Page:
Friday, September 4, 2009

(click on image to enlarge)

USDA Economic Research Service (ERS) has new data on farm income for 2007. Naturally, dairy farm income is up in 2007.

Beef operations get very little income from farming operations. Probably beef producers can count on even less farm income now that Wal-mart has signed a deal with Brazilian corporate giant JBS S.A. to produce all Wal-Mart’s beef in Brazil. Since much beef, especially ground beef is from cull dairy cows, the JBS Wal-Mart deal cannot bode well.

One important thing for all to note is the heavy reliance of dairy farm families on farm income.

As mentioned in a very early post, citing the 1940 “Yearbook of Agriculture” all economic question are really moral questions.


  1. I watch trends, not specifics. The pork industry has trended to corporate farms and few "players" in the industry to the detriment of the private pork producer...very interesting. The beef industry has historically been many smaller producers with a larger number of "players" in the market, but that is changing faster than I would have expected, it's still probably (for now) better-off than pork, for how long I can't say?
    JBS S.A. has quickly become a major player in the U.S. beef market. Two years ago they bought Argentine meat packer Swift Armor (as a side note all of McDonalds beef comes from Argentina or Brazil, so keep that in mind when you order that next quarter pounder). Last year JBS bought U.S. National beef Packing Co. and the beef unit of Smithfield Foods, Inc. (they also bought Austrailian Tasman group). The U.S. purchases made JBS the largest beef producer in the U.S. with about 35% of the market share, (and rising fast) they now hold at least 12% of the world beef market.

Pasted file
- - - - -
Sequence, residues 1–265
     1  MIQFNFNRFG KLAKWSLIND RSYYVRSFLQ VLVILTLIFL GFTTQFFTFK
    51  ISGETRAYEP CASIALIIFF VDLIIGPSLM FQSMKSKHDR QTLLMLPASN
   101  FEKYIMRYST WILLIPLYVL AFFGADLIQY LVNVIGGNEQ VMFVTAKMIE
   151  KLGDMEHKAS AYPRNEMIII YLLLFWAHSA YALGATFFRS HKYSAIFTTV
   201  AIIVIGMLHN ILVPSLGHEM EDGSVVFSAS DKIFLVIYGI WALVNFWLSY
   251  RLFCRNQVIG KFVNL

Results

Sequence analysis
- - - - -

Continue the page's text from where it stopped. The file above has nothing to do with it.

Tyson and JBS control about 60% of the U.S. beef market...fewer companies in the beef market equals less money to beef producers in my book.
    There are also rumors that JBS is now looking at our largest poultry producer, Pilgrim's Pride Corp. who as most of you, know filed for bankruptcy earlier this year.
    In closing JBS has many beef operations and packing plants - what the future holds is anyone's guess. But the meat industries are trending toward fewer in the market, bigger companies with more market control and packers who produce their own meat. Is dairy next?
    Jeff Suehring

  2. Jeff ,
    I have presonally admired your fearlessness and your honesty in this mess. I am sixth generation dairyman and I think I have found the solution to all our problems. according to hoards dairyman there are 9000000 dairy cattle in the u.s. and there are 60000 dairy farms this equals out to about 150 cows per farm average.(this works wether you are a 40 cow grazer or a 5000 commercial who uses rBgh). We need supply management but I don't want the money to go to NMPF or worse yet to USDA so here is my plan based on the average 150 cow herd. whenever the price of milk goes below $18 every herd in the country culls 10% of their cows. this 10% extra cull rate should be more than enough to right the wrongs that the dairyman is facing. If your coop or dairy has a problem with that it is time to drive a hard bargain as to what your milk is worth. now I know that it is hard to convince a 2000 cow dairy to part with 200 head but this is my main question, Is it harder to part with those cows and their milk money for a month or for 8 months as we have done in 2009? Now I know that every herd in the U.S. has all the room they need for dry cows and bred heifers, but if your extra culls freed up room for the animals that would make money next lactation what the hell, why not get rid of a few more deadheads
    Robert J lieb

  3. I think supply management would beat what we have now which is go out or be driven out. Supply management might be structured so that one wishing to exit the business could sell their portion to someone else thus allowing cash for retirement needs as an example. When you have operations doubling or tripling there numbers every couple of years and few small operations to gobble up you have the same problem just the scale of the problem is larger. It's about "control" or monopoly; Boardwalk wins!!